The analysis on the training data brings up several research issues that need to be addressed during the system development.
First, as Ortony8
discussed, while some words (eg, miserable
) bear fairly unambiguous affective meaning, there are words that act only as indirect
reference to emotion states, depending on the contexts in which they appear. Interestingly, we also found that, even words with the same sense can often evoke different emotions in certain contexts. Consider, for example, the underlined affect word forgive
in the sentences (E1) and (E2). It evokes two different polarity emotions, guilt
when it is followed by different pronouns. Therefore, detecting affective text needs to consider the neighboring context of the affect word.
E1. Tell him to
me if I ever treated him bad. [Emotion: guilt]
Tell him I
him for all my heart aches. [Emotion: forgiveness]
Second, although the sentiment of many sentences is indicated by the presence of affect words, quite a number of sentences do not contain such words but convey affect through the underlying meaning. An example (E3), which does not contain an expected affect word, is given below. Automatically detecting such pragmatic information is a hard challenge, and the language models that rely on surface features of the sentences are very weak in detecting this kind of sentences with implicit emotion expressions.
I don’t know where she put my clothes from my dresser. [Emotion: anger]
Third, as mentioned earlier, quite a number of sentences contain two or more emotion expressions. For example, in the sentence (E4), the first clause conveys a fear emotion through the verb phrase “afraid of”, but the second clause conveys a love emotion by the verb “love”. Because of the small number of multi-emotion instances, it is impractical to build multi-emotion classifiers to distinguish the multi-emotion sentences from the text. One feasible solution might be to build multiple binary classifiers, each of which is just targeted to one particular emotion. However, for a sentence-level binary emotion classifier, the text fragment depicting other emotions will become the noisy data, which is likely to degrade the accuracy of the classifier. Therefore, further fine-grained emotion analysis at the smaller text unit level (ie, emotion cues) is required. For example, emotion cues (eg, “I am afraid of you”, “I love you”) that convey affective meaning with respect to a particular emotion needed to be separately annotated from the sentences. The annotation of emotion cues is discussed in a later section.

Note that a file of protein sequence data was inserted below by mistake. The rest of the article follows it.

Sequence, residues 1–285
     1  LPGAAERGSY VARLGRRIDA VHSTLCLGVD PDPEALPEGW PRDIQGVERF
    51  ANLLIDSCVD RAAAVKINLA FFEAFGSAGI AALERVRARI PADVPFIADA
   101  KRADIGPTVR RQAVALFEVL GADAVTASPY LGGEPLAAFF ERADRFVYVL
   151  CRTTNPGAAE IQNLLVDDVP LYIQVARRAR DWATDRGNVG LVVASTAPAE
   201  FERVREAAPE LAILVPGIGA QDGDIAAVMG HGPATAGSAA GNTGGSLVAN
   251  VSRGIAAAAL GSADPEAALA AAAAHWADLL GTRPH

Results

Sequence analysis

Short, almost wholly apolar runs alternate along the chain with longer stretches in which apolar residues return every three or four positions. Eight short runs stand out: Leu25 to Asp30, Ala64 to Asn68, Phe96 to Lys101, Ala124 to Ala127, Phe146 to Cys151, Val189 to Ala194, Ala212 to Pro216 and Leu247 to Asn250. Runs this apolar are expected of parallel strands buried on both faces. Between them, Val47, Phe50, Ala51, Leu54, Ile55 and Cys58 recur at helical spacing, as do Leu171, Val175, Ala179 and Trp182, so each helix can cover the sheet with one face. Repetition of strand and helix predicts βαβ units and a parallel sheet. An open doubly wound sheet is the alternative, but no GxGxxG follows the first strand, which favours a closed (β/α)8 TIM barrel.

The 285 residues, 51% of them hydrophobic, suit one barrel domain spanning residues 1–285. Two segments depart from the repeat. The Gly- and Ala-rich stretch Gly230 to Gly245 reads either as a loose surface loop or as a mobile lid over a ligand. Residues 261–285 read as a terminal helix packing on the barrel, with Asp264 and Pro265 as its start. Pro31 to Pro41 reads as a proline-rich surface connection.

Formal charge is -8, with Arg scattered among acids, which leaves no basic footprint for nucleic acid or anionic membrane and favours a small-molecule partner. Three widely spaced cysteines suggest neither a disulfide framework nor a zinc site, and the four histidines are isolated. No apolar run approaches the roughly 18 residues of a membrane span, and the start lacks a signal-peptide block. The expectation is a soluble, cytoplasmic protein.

It is just that I am
you both at times, but I
you both very much. [Emotions: fear, love]
Fourth, we found that affective text of some emotions (eg, hopelessness) is sensitive to negation expressions. Certain phrases that contain negation words, eg, “cant go on”, “can’t stand”, and “can not take it any more”, intensify the emotion strength. Moreover, negation words sometimes can trigger the polarity shifting of an emotion, such as “I do not blame him”. Therefore, it is necessary to incorporate negation detection into the identification of emotion expressions.
Fifth, while machine learning-based models may be capable of effectively classifying the emotions (eg, love, hopelessness, guilt, etc.) with a sufficient number of training instances, they do not work well on the emotions that have few training examples (eg, forgiveness, abuse, pride, etc.). With the help of a pre-compiled emotion lexicon, a keyword spotting approach with a weighted score function may provide an alternative solution to the problem of scarce training samples in emotion classification.